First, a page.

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Seminar explores how to maximise the UK’s air cargo potential

More than 60 delegates from across the logistics and aviation industries packed into the head office of law firm Bird & Bird LLP in the City of London last week (28 March 2023), for a special seminar – Maximising the UK’s air cargo potential, jointly hosted by Logistics UK and Airlines UK.

Following a networking lunch, Rob Griggs, Director of Policy and Public Affairs, Airlines UK, welcomed the assembled delegates.

“We felt for a while that air cargo and air freight was a little bit like the Cinderella of the aviation world,” he said by way of introduction, “Its importance isn’t necessarily recognised in our world the way it should be.”   

Citing a report jointly commissioned by Airlines UK and Logistics UK a few years ago, he said that while air freight only carried about 1% of cargo by volume, it was responsible for carrying out about 40% of the value of the UK’s non-EU cargoes.

“It’s a really important lynchpin for a number of industries, not just across the south east, but across the UK,” Griggs said. Owing to the UK’s geography, island status and the nature of its economy, he argued that air cargo was a more important part of the UK economy than that of most of its EU competitors.


The first half of the seminar focused on trends, exploring how the air cargo sector is navigating the post-pandemic economy.

Offering a perspective from government about its ambition for the UK freight sector and the role that air freight plays within that, was Laura Marquis, Deputy Director, Logistics and Supply Chain Policy, Department for Transport (DfT), who delivered the keynote speech for this session.

Responsible for cross-modal logistics, the resilience of the UK’s supply chains within the context of the transport network, and the Future of Freight strategy, Marquis explained why the UK government is now paying greater attention to freight and supply chains than it had done in the past.

Describing the sector as an “unsung hero”, she said that events in recent years had seen the public and political awareness of the industry’s importance grow dramatically.

“Brexit has changed our trading relationships and how we interact with our borders,” Marquis said, “We’ve seen a very visible disruption to supply chains. Eighteen months ago, chronic shortages in the road freight sector, particularly for HGV drivers, became acute. Energy costs have spiked, and we saw economic lockdowns due to COVID, as well as the war in Ukraine.”


Before the pandemic, in 2019, the National Infrastructure Commission noted that government had been freight blind.

“The past few years have shown us we can’t continue in this way,” Marquis said, “And that’s why the Future of Freight plan is so important.”

Published in June 2022, the Future of Freight was developed in collaboration with industry and sets out government’s long-term cross-modal vision for the UK freight and logistics sector.

“It sets a vision for a sector that is reliable, resilient, sustainable, cost-efficient, and valued by society,” she said, “Equally importantly, it recognises that there are, at times, tensions between achieving these. Resilience can cost money as an investment – we must make sure that supply chains are reliable and sustainable.”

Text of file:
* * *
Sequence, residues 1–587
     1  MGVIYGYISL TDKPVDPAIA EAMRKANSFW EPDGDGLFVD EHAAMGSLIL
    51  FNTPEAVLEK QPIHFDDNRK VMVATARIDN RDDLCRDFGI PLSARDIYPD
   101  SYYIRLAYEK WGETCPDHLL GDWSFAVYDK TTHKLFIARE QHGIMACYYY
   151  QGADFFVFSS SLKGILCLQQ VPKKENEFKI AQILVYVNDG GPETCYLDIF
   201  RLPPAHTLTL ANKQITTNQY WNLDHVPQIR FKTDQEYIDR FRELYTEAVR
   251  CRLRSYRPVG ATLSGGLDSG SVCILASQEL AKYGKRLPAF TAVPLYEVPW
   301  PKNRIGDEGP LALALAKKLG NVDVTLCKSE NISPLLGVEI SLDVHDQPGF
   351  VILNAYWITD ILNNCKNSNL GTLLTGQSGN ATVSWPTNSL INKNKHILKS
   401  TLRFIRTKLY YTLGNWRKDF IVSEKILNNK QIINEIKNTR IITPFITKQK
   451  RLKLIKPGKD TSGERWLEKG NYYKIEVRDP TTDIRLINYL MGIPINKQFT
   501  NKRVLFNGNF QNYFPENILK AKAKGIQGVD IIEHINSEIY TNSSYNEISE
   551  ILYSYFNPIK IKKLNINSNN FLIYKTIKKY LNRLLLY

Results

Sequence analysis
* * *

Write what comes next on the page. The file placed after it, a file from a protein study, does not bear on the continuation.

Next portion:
Marquis maintained that government wanted a freight sector that is valued by the public and decision makers across all sectors, not just within the logistics industry or the transport sector. Government wants a freight industry that reflects its greater importance to the UK economy.   

“A lot of this can be summed up in what is our core objective: to raise the status of freight,” she said, “And we’ve all got a role to play in this. The Future of Freight plan recognises that to achieve this targeted action is needed.”


DfT has identified some priority actions, including developing a national freight network delivering net zero, addressing issues with the planning system, people and skills, and ensuring that there is a pipeline of new talent to support the future success of the sector.

Acknowledging that the plan was just the beginning of the conversation, Marquis was nevertheless delighted with the progress that DfT had made in implementing it so far.

On decarbonisation, she said: “We are committed to freight playing its part in our decarbonisation ambitions, with the first meeting of the Freight Energy Forum next week, which for the first time brings together representatives of the freight and energy sector to look at future energy and infrastructure needs.”

On planning, DfT is due to launch its call for evidence shortly, which will support wider government considerations on the planning system.

“We frequently hear that the planning sector doesn’t consider appropriately the freight and logistics sector,” Marquis said, “So this is a real chance to tell us why and how the planning system can better consider the needs of freight and logistics.”

On people and skills, she said that DfT was delighted to be working with Logistics UK on its Generation Logistics campaign, which had in turn inspired Generation Aviation, aimed specifically at the aviation sector.